Complex medical treatments like gene and immunotherapies have brought us into a new era of healthcare. But these therapies come with risk for both manufacturers and payers. It takes enormous investment for manufacturers to develop treatments, with no guarantee that current healthcare reimbursement systems will let them recoup the cost. For payers, it's the same risk they've faced for decades but at a larger scale: They take on the cost of new treatments without knowing what kind of benefit their patients will see.
Value-based agreements (VBAs) are an increasingly popular response to this challenge. Verpora reported a record number of VBAs published in the U.S. in 2018 by major manufacturers like AstraZeneca and Boehringer Ingelheim and key payers like Harvard Pilgrim. They weren’t limited solely to newer complex treatments, either. Well established brands like Jardiance and Symbicort have seen VBAs, too.
The types of VBAs in use today vary widely, but all work on the same general principle. The manufacturer and payer agree on a set of measures or outcomes against which the “value” of the treatment or therapy will be evaluated. If patients receiving the treatment meet or exceed those outcomes, the manufacturer gets a higher payment; if patients don't see the agreed-upon benefits from treatment, the payer reimburses the manufacturer at a lower rate. In short: Both sides assume a level of risk and have the potential to realize value from the agreement based upon whether the treatment works. However, there are also some challenges with VBAs in three key spaces.
"Both sides have the potential to realize value from the agreement based upon whether the treatment works."
Defining relevant outcomes for VBAs
Deciding which outcomes to write a VBA against is one of the biggest hurdles payers and manufacturers face. Since outcomes depend on available real-world data, it often stalls the creation of VBAs completely. When it doesn’t, outcomes are largely limited by whatever the payer’s existing data can measure. Sometimes metrics are as simple as persistence: Did a patient fill a prescription for at least six of the eight months it was prescribed?
This type of data might indicate whether the treatment has an acceptable side effect profile or not, but it doesn't explain actual outcomes like whether the patient's condition improved. To get a 360-degree longitudinal view of valuable outcomes that are both clinically and patient-relevant, you need more data. VBAs allow both payers and manufacturers to access the same medical, lab and imaging data in addition to the payer data to create a full patient picture.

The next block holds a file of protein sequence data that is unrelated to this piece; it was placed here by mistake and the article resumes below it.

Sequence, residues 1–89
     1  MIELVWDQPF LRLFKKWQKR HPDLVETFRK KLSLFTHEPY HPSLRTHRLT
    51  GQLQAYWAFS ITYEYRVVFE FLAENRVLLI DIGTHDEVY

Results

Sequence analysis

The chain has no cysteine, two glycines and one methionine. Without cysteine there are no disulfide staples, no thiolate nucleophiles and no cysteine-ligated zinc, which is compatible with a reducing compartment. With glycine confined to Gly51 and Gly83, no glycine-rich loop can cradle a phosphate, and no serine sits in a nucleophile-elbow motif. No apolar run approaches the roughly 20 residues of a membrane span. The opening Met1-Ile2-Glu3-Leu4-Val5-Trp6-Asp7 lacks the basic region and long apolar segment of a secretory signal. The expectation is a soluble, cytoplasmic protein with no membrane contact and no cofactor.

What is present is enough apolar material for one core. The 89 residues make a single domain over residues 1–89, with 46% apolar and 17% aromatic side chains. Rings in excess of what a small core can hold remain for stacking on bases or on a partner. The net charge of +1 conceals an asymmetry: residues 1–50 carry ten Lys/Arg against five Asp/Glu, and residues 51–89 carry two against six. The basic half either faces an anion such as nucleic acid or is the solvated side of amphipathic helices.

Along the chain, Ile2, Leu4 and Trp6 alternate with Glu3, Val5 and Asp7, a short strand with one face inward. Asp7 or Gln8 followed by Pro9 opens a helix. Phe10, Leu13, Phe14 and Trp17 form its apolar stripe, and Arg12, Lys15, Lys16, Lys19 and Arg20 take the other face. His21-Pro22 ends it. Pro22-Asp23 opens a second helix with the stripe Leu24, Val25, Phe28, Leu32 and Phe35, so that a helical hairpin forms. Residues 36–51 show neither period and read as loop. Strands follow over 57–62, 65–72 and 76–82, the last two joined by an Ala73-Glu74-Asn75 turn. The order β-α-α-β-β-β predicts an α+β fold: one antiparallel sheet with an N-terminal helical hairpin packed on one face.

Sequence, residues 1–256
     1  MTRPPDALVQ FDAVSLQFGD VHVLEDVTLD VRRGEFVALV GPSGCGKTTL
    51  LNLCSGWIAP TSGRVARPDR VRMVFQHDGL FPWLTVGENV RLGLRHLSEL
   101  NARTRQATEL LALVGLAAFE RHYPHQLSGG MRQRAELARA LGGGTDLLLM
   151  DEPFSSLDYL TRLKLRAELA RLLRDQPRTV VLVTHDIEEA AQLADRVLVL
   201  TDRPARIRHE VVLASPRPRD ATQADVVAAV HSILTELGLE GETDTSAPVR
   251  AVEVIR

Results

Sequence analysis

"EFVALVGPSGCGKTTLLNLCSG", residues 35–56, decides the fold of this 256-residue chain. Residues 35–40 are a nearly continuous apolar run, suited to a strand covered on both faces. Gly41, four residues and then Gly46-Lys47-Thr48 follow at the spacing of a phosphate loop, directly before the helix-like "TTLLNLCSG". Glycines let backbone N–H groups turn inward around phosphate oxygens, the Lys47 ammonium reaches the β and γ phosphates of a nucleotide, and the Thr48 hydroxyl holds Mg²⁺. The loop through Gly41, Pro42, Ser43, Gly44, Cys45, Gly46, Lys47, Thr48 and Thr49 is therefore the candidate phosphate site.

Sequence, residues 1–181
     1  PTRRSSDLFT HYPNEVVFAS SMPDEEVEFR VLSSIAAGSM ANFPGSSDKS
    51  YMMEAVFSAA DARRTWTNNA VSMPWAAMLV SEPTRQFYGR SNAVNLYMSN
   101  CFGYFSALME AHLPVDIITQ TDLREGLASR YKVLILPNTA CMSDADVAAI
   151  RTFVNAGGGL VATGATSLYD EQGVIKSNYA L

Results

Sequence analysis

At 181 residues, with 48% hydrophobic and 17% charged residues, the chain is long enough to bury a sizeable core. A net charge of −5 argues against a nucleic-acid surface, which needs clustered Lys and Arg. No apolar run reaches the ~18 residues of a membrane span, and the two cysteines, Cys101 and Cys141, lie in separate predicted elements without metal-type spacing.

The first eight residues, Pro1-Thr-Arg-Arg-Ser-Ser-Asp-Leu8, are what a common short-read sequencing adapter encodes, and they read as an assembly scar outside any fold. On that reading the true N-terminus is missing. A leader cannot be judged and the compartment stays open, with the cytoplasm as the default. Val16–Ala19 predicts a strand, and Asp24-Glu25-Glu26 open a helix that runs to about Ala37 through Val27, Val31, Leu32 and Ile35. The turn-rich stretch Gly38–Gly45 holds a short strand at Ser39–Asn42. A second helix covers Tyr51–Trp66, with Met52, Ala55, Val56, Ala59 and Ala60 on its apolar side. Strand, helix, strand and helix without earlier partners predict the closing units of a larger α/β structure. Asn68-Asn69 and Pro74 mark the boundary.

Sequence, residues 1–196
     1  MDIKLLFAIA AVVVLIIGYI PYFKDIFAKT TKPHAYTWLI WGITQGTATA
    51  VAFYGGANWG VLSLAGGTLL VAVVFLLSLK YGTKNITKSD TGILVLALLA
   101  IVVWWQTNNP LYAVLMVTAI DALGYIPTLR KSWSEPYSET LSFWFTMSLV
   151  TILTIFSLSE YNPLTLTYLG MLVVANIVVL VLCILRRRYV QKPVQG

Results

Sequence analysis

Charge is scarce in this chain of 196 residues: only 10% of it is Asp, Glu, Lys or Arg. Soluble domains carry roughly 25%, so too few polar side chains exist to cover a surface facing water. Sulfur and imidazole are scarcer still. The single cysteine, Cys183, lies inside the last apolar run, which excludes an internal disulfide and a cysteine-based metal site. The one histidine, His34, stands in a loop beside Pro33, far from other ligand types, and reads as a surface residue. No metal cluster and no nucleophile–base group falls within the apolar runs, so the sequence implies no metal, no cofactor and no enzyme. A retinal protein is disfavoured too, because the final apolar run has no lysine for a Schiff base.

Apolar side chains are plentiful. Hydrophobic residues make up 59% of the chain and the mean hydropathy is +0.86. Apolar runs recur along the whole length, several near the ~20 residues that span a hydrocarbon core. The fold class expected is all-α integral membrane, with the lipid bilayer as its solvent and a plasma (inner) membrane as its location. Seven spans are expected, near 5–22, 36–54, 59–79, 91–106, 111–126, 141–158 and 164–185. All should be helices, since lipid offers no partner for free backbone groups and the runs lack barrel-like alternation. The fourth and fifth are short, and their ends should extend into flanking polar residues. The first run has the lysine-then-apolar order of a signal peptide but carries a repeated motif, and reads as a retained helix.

Defining the VBA patient cohort
There are also challenges in defining the patient cohort within the VBA. Similar to a real-world study, the inclusion and exclusion criteria for a VBA cohort must be agreed upon upfront. That way, those patients can be accurately tracked throughout the term of the contract. But what happens if a patient sees multiple doctors or goes to different pharmacies to fill a prescription? It’s important to capture the patient’s full longitudinal view.
Consider a situation where John Simon filled two prescriptions, John Symon had lab work ordered and Jon Simon has a lab value in his medical record. While these names seem like three separate patients in the VBA cohort, they represent just one patient with misspelled records. Those false negatives prevent the actual John Simon from having all the necessary data to measure his outcomes. False negatives like these are common and create further stumbling blocks in realizing the potential of VBAs. If you can't be sure of the patient cohort you're measuring, then you can’t be confident in the value of the agreement itself.
“If you can't be sure of the patient cohort you're measuring, then you can’t be confident in the value of the agreement itself.”
Delivering on the potential of VBAs at scale
Even if both the outcome and cohort challenges are addressed, most VBAs face additional hurdles in real-time monitoring and management. The parties agree on what patients and metrics they'll examine at the beginning, but one party is often limited in its ability to track performance until the agreement ends. Since payers typically have the data the VBAs are measured against, manufacturers may only get quarterly or annual review periods to find out if the outcome targets were hit and what the financial impact will be. Not only does this make it difficult to develop and implement VBAs at scale, but it also limits the opportunity for real-time interventions that could help improve patient outcomes.
It's time to activate the full power of data to drive greater value from VBAs.
Are you a payer? HealthVerity starts with your data and sets up a unique HealthVerity ID token for each individual. This creates one patient view and a cohesive patient story.
Are you a manufacturer? After a unified patient view is in place, we work with you and the payer to determine what additional data will be needed to assess the agreed-upon outcomes. Will you need lab values? Pharmacy claims? Imaging data? Rather than proxies for outcomes, you can build agreements based upon the data you really want to examine.
Focus on outcomes that aren't just activity-based, but also relevant: clinically, financially and most of all, relevant for the patients themselves. You can access de-identified data to leverage your own analytic tool suite through a private data store we build specifically for you and your VBA partner. Distributed ledger technology makes it possible to do real-time monitoring, all while preserving privacy and allowing for automated adjudication. It's the potential of value-based agreements, realized at scale.
Interested in realizing the potential of value-based agreements?